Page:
HISSNLISSN (great name), thanks for the studio suggestion, that hadn’t occured to me at all. I have a musician friend here with a state of the art studio, and though I wouldn’t want to be a bother with a bajillion records, I can ask his advice as well. Hadn’t even thought of that :smack:

elelle, you’re very welcome. I totally hear you on not wanting to drop the $$$ on or have your friend spend all the time on your whole collection, but you might consider the studio treatment just for the gems or, alternately, any records you might consider selling off due to their value on the collector’s market. Either way it should be an interesting process, you’ll learn a lot, and you’ll have an excuse to hang out with your friend at the studio for a day :wink:

I have this relatively low-end turntable plugged into the PHONO jack of this relatively low-end receiver which outputs to this sound card, and I get fantastic transfers.

I bought a small, and very good, preamp because none of my receivers were good enough. (Ooh! I paid a LOT less than that!) I’m picky and few of my records are perfect, but my results are very good. And a little surface noise, well, I’m used to that. I know those clicks and pops like old friends.

ETA: The power supply is separate so you can’t get any 60-cycle hum. Best excuse yet for a wall wart.

I’m using a Presidian turntable (a Radio Shack brand) which has a “line out” and “phono out” settings. The “line out” setting boosts the sound so you don’t need an amplifier.
I’m also using INport Deluxe instead of going through my sound card, and the combination of the turntable and INport seem to be working great.

It senses track separations by quiet on the source music, which for many of the tapes I had meant I had to fiddle with them by hand. I’ve never used the LP to CD system. but I guess their target audience wouldn’t be comfortable with anything beyond a pop a CD and record in, and take the written CD out. For my system, you burn the CD after you finish recording the piece and editing the track changes, but it is done within the software, and is one of the easier parts of the process.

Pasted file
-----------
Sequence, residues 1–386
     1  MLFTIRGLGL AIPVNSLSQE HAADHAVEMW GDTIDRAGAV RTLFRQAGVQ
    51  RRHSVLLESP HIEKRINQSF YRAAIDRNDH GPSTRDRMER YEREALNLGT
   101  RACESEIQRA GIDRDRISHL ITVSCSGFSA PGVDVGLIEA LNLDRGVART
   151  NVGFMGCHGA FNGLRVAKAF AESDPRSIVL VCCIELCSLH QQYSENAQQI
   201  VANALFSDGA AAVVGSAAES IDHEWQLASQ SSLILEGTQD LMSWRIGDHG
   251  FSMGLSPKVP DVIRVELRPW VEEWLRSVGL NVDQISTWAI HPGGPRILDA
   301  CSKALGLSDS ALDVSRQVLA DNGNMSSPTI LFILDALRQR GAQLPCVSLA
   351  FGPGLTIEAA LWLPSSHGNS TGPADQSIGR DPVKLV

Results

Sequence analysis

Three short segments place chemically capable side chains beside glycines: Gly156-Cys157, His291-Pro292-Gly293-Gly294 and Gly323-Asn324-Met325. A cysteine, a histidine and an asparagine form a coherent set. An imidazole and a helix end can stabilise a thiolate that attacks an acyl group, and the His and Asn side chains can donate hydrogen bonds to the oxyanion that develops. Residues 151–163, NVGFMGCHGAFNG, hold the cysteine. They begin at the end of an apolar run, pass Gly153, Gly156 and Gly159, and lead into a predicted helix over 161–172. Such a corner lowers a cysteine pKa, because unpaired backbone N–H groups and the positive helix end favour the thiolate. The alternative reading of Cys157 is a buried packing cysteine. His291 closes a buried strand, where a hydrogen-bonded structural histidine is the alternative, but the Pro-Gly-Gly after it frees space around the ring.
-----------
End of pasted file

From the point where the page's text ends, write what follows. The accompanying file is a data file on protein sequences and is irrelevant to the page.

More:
On the other hand, the software that comes with it makes labels and playlists. I’ve never used it, but my wife has, when making CDs of some tapes of her father’s pieces being played by bands and orchestras.

If anyone has used an integrated system (CD burner built in) - how does it do the tracks, and how successful is it? There are plenty of records where it would be difficult to distinguish a quiet spot inside a song from a track change. (Think of Strawberry Fields Forever.) My system shows you the waveform and that, along with jotting down the time for track changes, lets me get it right with a bit of practice.

Not quiet the same thing, but I bought a wave editor AudioEdit Deluxe which has an option to let it detect silence and split tracks automatically, but it never could do that with records because of the constant crackle between songs. Hopefully an integrated system would do a better job, but then again, maybe not.

The software I have tries to split tracks this way, but it is less than successful. A lot of the integrated systems I see seem to be aimed at the less technically sophisticated (you don’t need a confusing computer!) and I don’t see how you’d even do manual intervention in that setup.